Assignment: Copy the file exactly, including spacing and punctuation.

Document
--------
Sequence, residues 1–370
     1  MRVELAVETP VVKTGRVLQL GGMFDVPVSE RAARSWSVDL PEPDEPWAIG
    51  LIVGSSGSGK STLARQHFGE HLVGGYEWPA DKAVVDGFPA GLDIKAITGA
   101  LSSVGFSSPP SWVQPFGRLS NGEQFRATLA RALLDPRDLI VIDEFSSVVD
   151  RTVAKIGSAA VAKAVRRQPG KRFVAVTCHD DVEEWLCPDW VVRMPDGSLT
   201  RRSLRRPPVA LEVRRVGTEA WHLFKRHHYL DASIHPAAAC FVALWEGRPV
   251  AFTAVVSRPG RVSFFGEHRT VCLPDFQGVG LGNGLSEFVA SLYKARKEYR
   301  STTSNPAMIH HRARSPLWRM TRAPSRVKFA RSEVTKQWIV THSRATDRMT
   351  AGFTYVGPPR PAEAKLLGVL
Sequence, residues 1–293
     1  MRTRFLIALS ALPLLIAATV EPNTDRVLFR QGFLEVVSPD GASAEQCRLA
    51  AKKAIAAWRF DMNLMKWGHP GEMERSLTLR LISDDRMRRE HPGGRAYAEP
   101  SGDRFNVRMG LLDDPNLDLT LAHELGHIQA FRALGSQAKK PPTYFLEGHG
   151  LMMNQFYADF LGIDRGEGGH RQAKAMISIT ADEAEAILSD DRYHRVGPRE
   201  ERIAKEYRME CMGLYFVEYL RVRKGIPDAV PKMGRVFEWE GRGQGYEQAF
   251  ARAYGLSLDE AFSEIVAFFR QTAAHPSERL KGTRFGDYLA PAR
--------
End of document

Sequence, residues 1–370
     1  MRVELAVETP VVKTGRVLQL GGMFDVPVSE RAARSWSVDL PEPDEPWAIG
    51  LIVGSSGSGK STLARQHFGE HLVGGYEWPA DKAVVDGFPA GLDIKAITGA
   101  LSSVGFSSPP SWVQPFGRLS NGEQFRATLA RALLDPRDLI VIDEFSSVVD
   151  RTVAKIGSAA VAKAVRRQPG KRFVAVTCHD DVEEWLCPDW VVRMPDGSLT
   201  RRSLRRPPVA LEVRRVGTEA WHLFKRHHYL DASIHPAAAC FVALWEGRPV
   251  AFTAVVSRPG RVSFFGEHRT VCLPDFQGVG LGNGLSEFVA SLYKARKEYR
   301  STTSNPAMIH HRARSPLWRM TRAPSRVKFA RSEVTKQWIV THSRATDRMT
   351  AGFTYVGPPR PAEAKLLGVL
Sequence, residues 1–293
     1  MRTRFLIALS ALPLLIAATV EPNTDRVLFR QGFLEVVSPD GASAEQCRLA
    51  AKKAIAAWRF DMNLMKWGHP GEMERSLTLR LISDDRMRRE HPGGRAYAEP
   101  SGDRFNVRMG LLDDPNLDLT LAHELGHIQA FRALGSQAKK PPTYFLEGHG
   151  LMMNQFYADF LGIDRGEGGH RQAKAMISIT ADEAEAILSD DRYHRVGPRE
   201  ERIAKEYRME CMGLYFVEYL RVRKGIPDAV PKMGRVFEWE GRGQGYEQAF
   251  ARAYGLSLDE AFSEIVAFFR QTAAHPSERL KGTRFGDYLA PAR